A diode clamping circuit consists of a combination of one or more diodes and series resistors. It restricts, or "clamps" voltage in a sensitive circuit to levels specified by the circuit designer, to prevent damage to the electronics or for precise control of the circuit's behavior.
Significance of Diode Circuits
Clamping diodes help protect electronic components from voltage spikes due to static electricity. They also limit the voltage to a particular input or output range, in order to either guard against accidental destruction or to make it compatible with a circuit with a lower voltage. The addition of a diode clamp helps solve problems such as these where you need to constrain the amount of voltage in a circuit. In particular, digital logic circuits nearly always feature the use of diode clamps to protect their inputs.
Features of Diode Circuit Clamping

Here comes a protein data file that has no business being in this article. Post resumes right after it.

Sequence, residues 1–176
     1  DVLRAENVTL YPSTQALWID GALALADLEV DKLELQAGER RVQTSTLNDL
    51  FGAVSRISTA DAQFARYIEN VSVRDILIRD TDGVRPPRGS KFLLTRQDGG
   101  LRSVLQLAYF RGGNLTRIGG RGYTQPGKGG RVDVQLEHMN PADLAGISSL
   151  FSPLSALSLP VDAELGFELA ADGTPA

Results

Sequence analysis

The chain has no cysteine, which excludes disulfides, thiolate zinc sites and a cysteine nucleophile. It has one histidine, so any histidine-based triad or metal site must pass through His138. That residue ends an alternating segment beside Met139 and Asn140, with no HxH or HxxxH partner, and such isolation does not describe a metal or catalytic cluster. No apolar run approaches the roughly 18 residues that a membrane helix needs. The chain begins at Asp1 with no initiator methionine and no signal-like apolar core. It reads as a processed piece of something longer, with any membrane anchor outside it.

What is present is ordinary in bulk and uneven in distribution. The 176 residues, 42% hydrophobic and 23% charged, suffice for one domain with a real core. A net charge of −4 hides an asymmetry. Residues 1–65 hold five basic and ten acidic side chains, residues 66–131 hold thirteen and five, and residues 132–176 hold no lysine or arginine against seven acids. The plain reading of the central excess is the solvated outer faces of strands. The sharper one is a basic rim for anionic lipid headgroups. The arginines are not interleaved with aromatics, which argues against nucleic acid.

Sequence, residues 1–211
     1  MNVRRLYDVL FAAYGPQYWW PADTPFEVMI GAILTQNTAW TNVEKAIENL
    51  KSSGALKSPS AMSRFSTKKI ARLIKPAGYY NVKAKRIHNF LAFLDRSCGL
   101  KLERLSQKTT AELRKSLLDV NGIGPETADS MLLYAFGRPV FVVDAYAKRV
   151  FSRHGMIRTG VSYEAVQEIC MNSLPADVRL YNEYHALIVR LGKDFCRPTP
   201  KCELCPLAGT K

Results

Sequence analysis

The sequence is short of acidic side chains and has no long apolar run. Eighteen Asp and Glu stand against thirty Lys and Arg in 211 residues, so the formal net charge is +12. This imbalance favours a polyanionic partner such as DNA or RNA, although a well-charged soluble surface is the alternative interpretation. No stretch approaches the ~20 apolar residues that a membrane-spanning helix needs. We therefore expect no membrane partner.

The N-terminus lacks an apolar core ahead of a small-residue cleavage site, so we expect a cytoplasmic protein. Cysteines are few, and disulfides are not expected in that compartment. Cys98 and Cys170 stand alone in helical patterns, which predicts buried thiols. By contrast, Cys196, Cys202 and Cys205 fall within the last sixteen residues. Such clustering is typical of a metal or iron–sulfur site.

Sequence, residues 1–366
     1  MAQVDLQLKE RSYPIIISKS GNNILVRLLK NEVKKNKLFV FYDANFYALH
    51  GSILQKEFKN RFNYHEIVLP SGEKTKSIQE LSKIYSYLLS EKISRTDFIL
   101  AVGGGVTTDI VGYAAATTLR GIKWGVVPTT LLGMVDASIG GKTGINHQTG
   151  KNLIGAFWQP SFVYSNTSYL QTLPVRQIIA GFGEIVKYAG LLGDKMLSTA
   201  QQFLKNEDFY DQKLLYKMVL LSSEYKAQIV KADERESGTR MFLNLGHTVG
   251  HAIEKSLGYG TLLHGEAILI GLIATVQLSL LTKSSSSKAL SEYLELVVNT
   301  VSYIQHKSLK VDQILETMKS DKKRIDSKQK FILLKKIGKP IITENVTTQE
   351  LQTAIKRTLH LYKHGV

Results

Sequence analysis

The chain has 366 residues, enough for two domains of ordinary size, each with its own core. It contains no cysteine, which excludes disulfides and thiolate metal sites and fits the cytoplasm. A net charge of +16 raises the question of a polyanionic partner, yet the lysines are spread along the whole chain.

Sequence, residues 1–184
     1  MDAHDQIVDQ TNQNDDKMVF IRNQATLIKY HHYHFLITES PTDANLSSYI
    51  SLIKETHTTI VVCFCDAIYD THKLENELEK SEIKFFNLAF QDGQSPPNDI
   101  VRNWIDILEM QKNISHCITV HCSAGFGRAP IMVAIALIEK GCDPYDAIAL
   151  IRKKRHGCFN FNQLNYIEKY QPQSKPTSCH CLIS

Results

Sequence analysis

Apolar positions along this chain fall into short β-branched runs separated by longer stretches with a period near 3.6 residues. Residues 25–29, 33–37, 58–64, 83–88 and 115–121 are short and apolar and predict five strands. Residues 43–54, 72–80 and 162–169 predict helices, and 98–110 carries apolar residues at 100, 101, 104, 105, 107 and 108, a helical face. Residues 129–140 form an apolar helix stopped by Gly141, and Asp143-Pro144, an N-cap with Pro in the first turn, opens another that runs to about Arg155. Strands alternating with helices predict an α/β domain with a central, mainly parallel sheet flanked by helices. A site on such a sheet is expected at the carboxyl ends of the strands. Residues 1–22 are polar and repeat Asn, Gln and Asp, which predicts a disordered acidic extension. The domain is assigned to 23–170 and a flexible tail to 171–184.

Small signal diodes are commonly used in diode clamp construction. This is because they are specifically created for optimal usage at high frequencies and normally have power ratings less than 0.5 W and current ratings in milliamperes. The 1N914 silicon (Si) diode is a common example.
Types of Diode Circuit Clamping
There are many variations of these circuits. The figure above shows a diode clamp circuit that is limited or "clamped" to a voltage V1 set by a power supply.
Another Variation of Diode Circuit Clamping
A diode clamping circuit may be used to limit the output voltage to a particular range. In the diagram, the input signal is not allowed to rise above 0.7 V or to drop below --0.7 V. This circuit is also called a limiter and is typically used to provide protection to a large amplifier such as a high gain op-amp circuit, as shown.
Considerations of Diode Circuit Clamping
Diodes only operate properly within a certain range of voltages and currents. If you exceed them, the diode will self-destruct. Be sure to check the manufacturer's specifications to learn what these parameters are.